Wednesday 21 February 2018

Big Sam has a Premier League warning for Diego Simeone... and couldn't resist a slight comparison

Will Slattery

Will Slattery

There is an old cliché in American sports that offensive wins games while defence wins championships and over the last few weeks, Atletico Madrid are doing their utmost to turn that idiom into a reality.

Diego Simeone's stingy rearguard dumped football's most prolific attack out of the Champions League after beating Barcelona 3-2 on aggregate at the quarter-final stage, and Atletico continued their progress towards European glory on Wednesday night after a 1-0 semi-final first leg victory over Bayern Munich's much-lauded offence.

Simeone has instilled a battling quality in his side that allow them to defend resolutely when necessary before striking with rattle snake-like precision when their opponent exposes themselves.

The Spanish side's success has made their manager extremely sought after and there have long been rumours of an eventual move to a Premier League club.

However, a manager based there at the moment - also well known for organising team's in a hard-to-beat fashion - doesn't think Simeone's tactics would be as applauded if he carried them out with an English club.

"He defends too much' - that's what he'd get here," Sunderland manager Sam Allardyce said in quotes reported by the BBC.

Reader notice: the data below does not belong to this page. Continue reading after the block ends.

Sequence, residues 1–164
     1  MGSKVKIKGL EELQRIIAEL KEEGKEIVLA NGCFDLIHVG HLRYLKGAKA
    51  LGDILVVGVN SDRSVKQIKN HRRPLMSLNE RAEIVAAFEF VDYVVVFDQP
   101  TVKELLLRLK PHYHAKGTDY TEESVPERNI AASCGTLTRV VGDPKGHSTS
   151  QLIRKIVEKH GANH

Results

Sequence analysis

"It's an art, defending - everybody has forgotten that. It's a tactical art to be able to sense danger and block people's crosses and get your toe in without fouling them now and they are very, very good at it indeed.

"The whole team buys into it. You see Fernando Torres on the edge of his own box defending. You never saw that at Liverpool or Chelsea.

"Now, everybody can say 'well, that's not entertaining', but everybody is eulogising Simeone's tactics now. I wouldn't think they would do that in the Premier League so much."

Allardyce is famously sour that people criticise his style of play, once saying that if his name was 'Sam Allardyici' then maybe people would call him a tactical genius. Alas, he seems to count himself as one of those Simeone acolytes in England, destined to go unloved despite a lifelong commitment to the art of defending, as he added:

"At the moment, if we keep those clean sheet ratios going in the next four games, I am convinced we will stay up," - in reference to Sunderland keeping their opponents scoreless in three of their last four games.

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